DOES COPING MATTER? COPING AND CHRONIC PHYSIOLOGICAL DISTRESS AMONG AGING U.S. BLACK AND WHITE MEN
Allen, Julie Ober, Daphne C. Watkins, Linda M. Chatters, and Vicki Demeitris Johnson-Lawrence. 2018. "DOES COPING MATTER? COPING AND CHRONIC PHYSIOLOGICAL DISTRESS AMONG AGING U.S. BLACK AND WHITE MEN." Innovation in Aging, 2(suppl_1): 668-669.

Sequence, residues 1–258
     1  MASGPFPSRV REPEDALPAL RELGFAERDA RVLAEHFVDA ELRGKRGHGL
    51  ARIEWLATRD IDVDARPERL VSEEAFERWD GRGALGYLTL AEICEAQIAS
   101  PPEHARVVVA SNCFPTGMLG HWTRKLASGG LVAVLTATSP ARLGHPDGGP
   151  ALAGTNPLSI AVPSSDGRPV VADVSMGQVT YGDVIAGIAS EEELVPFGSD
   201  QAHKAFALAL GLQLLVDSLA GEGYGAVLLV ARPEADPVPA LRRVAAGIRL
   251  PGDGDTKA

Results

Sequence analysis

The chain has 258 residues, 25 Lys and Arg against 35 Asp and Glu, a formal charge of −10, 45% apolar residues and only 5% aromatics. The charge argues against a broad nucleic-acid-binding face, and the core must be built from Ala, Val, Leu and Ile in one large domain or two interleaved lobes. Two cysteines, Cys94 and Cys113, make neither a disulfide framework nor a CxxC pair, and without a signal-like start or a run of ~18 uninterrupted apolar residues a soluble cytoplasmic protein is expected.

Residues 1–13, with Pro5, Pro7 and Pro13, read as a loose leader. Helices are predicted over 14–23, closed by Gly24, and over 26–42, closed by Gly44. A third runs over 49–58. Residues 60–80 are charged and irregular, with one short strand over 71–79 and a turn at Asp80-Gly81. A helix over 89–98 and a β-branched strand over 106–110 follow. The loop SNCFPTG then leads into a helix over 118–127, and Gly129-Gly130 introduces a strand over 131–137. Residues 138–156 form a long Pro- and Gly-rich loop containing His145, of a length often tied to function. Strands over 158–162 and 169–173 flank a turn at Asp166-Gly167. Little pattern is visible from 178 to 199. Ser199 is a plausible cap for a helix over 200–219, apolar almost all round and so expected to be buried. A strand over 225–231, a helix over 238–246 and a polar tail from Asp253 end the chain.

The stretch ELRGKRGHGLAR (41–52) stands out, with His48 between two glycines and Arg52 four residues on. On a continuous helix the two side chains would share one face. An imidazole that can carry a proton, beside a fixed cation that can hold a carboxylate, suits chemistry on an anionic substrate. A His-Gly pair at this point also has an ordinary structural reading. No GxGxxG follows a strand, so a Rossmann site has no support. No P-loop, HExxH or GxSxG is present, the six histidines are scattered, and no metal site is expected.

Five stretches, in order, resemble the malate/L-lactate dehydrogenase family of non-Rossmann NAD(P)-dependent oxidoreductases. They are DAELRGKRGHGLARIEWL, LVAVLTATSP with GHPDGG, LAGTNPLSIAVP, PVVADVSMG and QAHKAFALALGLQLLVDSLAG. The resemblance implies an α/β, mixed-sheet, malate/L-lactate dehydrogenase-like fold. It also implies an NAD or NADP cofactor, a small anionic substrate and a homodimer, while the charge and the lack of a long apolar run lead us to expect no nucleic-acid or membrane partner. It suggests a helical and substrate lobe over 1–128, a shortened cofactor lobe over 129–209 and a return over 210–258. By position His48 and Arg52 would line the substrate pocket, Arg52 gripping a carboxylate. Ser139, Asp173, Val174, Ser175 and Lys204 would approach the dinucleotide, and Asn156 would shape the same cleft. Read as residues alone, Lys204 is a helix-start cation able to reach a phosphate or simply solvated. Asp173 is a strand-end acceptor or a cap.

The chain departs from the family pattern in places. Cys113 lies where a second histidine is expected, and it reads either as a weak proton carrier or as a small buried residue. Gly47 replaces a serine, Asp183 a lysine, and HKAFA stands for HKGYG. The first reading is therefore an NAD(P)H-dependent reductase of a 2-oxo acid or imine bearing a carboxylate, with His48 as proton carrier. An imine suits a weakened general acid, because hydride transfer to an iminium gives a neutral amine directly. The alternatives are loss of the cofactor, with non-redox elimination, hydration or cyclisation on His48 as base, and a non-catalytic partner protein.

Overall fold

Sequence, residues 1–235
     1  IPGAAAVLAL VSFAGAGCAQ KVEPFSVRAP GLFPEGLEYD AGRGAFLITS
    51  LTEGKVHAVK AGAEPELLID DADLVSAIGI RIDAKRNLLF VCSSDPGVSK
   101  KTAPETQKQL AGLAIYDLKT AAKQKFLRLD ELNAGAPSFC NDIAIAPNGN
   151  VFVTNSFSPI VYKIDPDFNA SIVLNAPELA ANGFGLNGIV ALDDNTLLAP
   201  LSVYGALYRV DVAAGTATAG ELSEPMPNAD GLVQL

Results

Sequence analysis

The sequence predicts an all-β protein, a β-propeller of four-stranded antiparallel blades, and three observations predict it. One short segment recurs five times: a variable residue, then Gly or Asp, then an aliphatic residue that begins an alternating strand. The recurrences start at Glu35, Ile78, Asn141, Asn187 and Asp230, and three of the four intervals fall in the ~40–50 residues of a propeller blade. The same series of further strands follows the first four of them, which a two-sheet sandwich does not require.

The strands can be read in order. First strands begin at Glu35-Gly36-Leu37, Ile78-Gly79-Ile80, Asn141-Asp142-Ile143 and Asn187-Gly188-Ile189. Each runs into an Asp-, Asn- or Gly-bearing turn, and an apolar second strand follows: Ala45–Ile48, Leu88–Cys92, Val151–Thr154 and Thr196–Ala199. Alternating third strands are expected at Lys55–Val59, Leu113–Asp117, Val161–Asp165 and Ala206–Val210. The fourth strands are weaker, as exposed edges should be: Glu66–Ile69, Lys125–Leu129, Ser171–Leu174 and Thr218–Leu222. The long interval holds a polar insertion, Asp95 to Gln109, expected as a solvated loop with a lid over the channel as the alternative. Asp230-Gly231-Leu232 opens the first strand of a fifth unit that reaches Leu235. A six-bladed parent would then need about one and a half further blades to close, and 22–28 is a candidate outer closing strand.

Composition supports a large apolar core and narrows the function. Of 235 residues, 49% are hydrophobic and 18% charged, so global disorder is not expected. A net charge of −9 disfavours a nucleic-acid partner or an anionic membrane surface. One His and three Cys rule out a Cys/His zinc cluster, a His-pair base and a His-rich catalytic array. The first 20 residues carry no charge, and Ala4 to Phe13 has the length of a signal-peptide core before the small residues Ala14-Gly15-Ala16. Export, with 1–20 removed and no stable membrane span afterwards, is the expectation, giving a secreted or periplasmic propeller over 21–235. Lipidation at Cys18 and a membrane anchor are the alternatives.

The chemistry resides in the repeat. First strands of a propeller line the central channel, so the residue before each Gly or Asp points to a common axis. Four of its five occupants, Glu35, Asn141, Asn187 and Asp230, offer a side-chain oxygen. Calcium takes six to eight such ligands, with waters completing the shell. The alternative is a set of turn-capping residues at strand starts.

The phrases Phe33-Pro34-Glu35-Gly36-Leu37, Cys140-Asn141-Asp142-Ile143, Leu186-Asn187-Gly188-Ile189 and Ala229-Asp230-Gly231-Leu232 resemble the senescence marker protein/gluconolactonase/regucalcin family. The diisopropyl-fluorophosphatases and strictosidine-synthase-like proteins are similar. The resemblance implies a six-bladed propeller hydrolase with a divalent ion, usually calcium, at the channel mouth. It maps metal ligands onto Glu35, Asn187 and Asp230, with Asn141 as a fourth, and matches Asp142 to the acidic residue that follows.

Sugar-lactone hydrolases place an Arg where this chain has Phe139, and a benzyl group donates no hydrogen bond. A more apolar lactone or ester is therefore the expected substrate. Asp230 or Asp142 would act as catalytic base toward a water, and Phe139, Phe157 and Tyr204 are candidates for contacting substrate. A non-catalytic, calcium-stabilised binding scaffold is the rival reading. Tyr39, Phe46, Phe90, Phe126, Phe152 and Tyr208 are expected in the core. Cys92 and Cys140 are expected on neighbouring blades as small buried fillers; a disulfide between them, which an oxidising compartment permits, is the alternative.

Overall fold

Chronic physiological distress accelerates biological aging and is linked to chronic disease and premature mortality. Physiological distress biomarkers, such as cortisol, represent a key proximal outcome of stress and coping processes through which social inequities are posited to generate health disparities. This study explored how variations in coping may contribute to documented racial disparities in chronic physiological distress between midlife and older Black and White male participants in the National Survey of Midlife Development in the United States (MIDUS) II and the National Study of Daily Experiences (NSDE) II. Black and White men generally reported using similar coping strategies, though Black men relied more on positive reinterpretation, denial, drug use, and physical inactivity than White men. Of the 12 coping strategies examined, ten were unrelated to men's chronic physiological distress levels. Religious and spiritual coping appeared protective, but only for White men. Black men who reported drug use (i.e., illegal drugs, prescription drug misuse) had less chronic physiological distress than those who abstained; drug use was unrelated to White men's distress. Findings suggest that how older adult men cope may not be an important determinant of whether they exhibit chronic physiological distress. Our evidence also does not support conventional categorization of coping strategies as "good" or "bad." Reducing racial health disparities among men may instead necessitate mitigating sources of stress implicated in chronic physiological distress, such as racism. More research investigating our unanticipated findings holds promise for developing targeted interventions to reduce racial disparities in chronic physiological distress among men.